Pandora: No 2 Ladies' Detective Agency comes to TV

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The Independent Online

When Anthony Minghella adapted Alexander McCall Smith's best-seller, The No 1 Ladies' Detective Agency, for television, the results were less than successful ("saccharine gloop" was one critic's assessment; "twee, quaint, shallow, possibly patronising" another).

Still, the experience doesn't appear to have put off McCall Smith. Indeed, Pandora hears that the Zimbabwean-born author is currently making plans for another of his literary works to appear on the small screen.

"I've just sold an option on the Isabel Dalhousie books to a television company," he revealed at the Edinburgh Book Festival. "There are people coming to see me in the next week who are very keen to make a series of it."

If all goes to plan, Dalhousie – the sleuth heroine of The Sunday Philosophy Club series – may well prove a rival to that other Scottish TV detective, Ian Rankin's Rebus.

"I can see Isabel and her world," says McCall Smith. "It will be great fun. I would love to see that on film. I like the feeling of those books – we will have to wait and see."

Exotic ingredients in Oliver's lineage

Far-fetched claims from Jamie Oliver. "It turns out I'm sixth-generation Sudanese," the excitable chef reveals in this week's Radio Times. "As it happens, there are quite a few Olivers who are a bit swarthy and have got curly hair, so I suppose that may explain it.

"Have a look at the picture of me on the cover of The Naked Chef, and you can see what I'm talking about. I don't have many details, but I would really like to go on Who Do You Think You Are? to find out."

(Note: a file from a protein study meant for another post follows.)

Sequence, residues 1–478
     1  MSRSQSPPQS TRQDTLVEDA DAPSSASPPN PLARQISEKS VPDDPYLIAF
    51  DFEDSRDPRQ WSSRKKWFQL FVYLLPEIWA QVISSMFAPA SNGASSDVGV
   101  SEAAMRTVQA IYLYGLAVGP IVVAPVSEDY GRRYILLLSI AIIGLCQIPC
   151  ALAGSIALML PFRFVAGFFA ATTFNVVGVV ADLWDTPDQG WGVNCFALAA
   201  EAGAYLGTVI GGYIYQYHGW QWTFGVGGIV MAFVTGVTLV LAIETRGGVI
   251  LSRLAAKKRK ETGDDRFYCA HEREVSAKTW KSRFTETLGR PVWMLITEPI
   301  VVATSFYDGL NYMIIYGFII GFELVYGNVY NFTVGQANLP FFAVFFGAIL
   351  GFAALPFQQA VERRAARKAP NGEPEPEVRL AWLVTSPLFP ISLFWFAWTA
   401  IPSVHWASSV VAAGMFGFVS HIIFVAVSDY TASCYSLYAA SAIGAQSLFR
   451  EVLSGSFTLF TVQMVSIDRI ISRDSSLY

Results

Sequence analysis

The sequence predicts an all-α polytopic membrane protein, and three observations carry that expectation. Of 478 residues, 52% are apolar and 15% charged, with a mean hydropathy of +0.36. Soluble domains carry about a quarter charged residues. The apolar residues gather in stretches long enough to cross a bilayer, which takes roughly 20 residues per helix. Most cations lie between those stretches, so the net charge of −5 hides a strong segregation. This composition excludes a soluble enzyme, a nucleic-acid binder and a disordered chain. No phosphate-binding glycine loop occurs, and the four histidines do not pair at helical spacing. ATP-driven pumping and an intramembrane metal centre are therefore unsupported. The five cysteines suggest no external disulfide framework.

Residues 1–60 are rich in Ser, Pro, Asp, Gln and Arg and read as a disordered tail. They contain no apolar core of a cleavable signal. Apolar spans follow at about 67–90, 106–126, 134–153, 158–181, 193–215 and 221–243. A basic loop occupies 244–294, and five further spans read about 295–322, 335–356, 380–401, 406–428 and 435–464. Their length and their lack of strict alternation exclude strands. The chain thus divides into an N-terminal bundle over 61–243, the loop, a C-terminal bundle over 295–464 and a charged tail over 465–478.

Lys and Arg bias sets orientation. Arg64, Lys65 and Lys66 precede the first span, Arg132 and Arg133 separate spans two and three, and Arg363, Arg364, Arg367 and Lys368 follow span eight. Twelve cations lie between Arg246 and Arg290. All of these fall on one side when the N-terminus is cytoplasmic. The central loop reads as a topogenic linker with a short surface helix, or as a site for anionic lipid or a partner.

Producers of WDYTYA, take note.

Cameron suffers a Hague moment

"When I was 14, 15, 16, I was doing things that teenagers do in terms of drinking too much, being caught having the odd fag, things like that," confesses David Cameron in a suitably soft-focus interview with Grazia this week. "I was, in some ways, heading in the wrong direction and I pulled myself up and headed in the right one."

Sound familiar? William Hague's unlikely boast that in his youth he would drink 14 pints a day put paid to his prime ministerial aspirations. Surely the same fate doesn't await Dave?

500 miles from headlining

Indignity for Scottish dad rockers The Proclaimers.

The pair, who were relegated to a rather low-key daytime slot at last weekend's V Festival, attempted to boost their credentials by offering to fill in for the sickly headliners, Oasis.

"We tendered our services straightaway. We would've juggled and everything," say the band's fraternal frontmen, Charlie and Craig Reid.

Alas, festival organisers weren't convinced. They promptly handed the slot to Snow Patrol and Keane, leaving the Reids to perform an impromptu "alternative" set in the Virgin Media Louder Lounge.

Hamilton gets down with Twitter kids

*Is Twitter's nadir nigh? Word reaches us that the perennial self-publicist Christine Hamilton (wife of the disgraced former MP Neil Hamilton) has signed up to the micro-blogging site under the alias "Brit Battleaxe".

Apparently, it is all the fault of the Conservative blogger Iain Dale. "He says I've got to get with it and join the 'twitterati'," explains Hamilton, left, in her inaugural entry. "Does this make me a twit or a twat?"

Perhaps best not to answer that.